The Italian “carré militaire” of Guillotière cemetery, Lyon (part 1)

Thanks to an unplanned journey in France during the last week-end, I had the opportunity to visit Guillotière cemetery in Lyon (France), I know that about 68 Italian soldiers were buried there. You may wonder how Italian soldiers ended there. It’s quite simple: in April 1918, Italian soldiers belonging to the 2nd Italian Army Corps were sent to France (the headquarter of this unit was based in the 6th arrondissement). Like in several other French towns, local hospitals were used for wounded and sick soldiers from all countries. 68 Italian soldiers and military workers (from the Truppe Ausiliare in Francia, TAIF) who died in hospitals of Lyon were buried there. I’ll dedicate some posts to the graves; for today, I’ll simply present the statue, an allegory of mourning, inaugurated in 1925. The text, in Italian, states: “Italian colony in Lyon with the generous help of the silk producers of Milan has erected this memorial to the Italian soldiers who fell in France for the holiest cause and to remember to future generations that Italy and France have shared suffering, tears and glory. 1915-1918.”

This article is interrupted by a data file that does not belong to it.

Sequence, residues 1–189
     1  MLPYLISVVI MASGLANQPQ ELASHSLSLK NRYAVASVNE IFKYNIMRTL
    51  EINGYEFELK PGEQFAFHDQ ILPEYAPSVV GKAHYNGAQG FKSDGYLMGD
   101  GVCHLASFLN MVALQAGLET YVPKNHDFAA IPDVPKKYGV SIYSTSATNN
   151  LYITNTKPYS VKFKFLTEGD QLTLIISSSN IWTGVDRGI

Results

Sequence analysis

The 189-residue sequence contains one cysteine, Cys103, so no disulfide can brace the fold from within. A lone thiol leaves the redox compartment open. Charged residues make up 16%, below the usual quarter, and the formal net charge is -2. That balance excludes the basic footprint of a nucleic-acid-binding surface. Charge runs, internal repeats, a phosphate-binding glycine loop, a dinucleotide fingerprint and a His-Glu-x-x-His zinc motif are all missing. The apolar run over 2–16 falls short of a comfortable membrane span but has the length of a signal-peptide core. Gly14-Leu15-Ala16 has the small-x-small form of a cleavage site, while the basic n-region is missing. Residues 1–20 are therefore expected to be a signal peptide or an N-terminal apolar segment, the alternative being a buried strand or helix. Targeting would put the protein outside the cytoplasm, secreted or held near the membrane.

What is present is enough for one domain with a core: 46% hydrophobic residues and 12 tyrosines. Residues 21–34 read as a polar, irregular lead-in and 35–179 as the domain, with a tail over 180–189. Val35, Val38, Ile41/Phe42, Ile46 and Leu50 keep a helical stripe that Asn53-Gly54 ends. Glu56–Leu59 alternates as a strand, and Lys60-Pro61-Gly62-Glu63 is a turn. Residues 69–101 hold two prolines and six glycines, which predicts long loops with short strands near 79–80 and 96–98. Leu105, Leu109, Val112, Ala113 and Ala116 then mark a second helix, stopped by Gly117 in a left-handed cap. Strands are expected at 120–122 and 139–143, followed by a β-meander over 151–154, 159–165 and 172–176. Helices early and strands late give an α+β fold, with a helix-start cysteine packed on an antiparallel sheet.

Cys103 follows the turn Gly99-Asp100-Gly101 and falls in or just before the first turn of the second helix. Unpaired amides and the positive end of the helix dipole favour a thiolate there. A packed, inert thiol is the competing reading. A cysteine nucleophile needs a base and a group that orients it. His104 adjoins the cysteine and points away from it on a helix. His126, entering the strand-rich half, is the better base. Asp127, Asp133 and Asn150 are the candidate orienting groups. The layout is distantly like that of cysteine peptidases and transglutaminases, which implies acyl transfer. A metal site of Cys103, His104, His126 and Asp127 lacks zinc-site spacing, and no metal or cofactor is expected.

Fatiche di guerra (again)

And about three years after my first post about the fatiche di guerra” distinction, established by royal decree number 641 of 21 May 1916 and circular #29450, dated 17 September 1917 (this distinction was given to soldiers who had spent 1 year in the War zone), here’s another picture of the diploma. This is probably a less known version of this diploma, I don’t know if this variant was awarded to French or British soldiers. This diploma was issued after April 5, 1918, as it specifies the rules linked to the stars shown on the ribbon. As the soldier had spent 1 year on the front line, a star was added to the ribbon.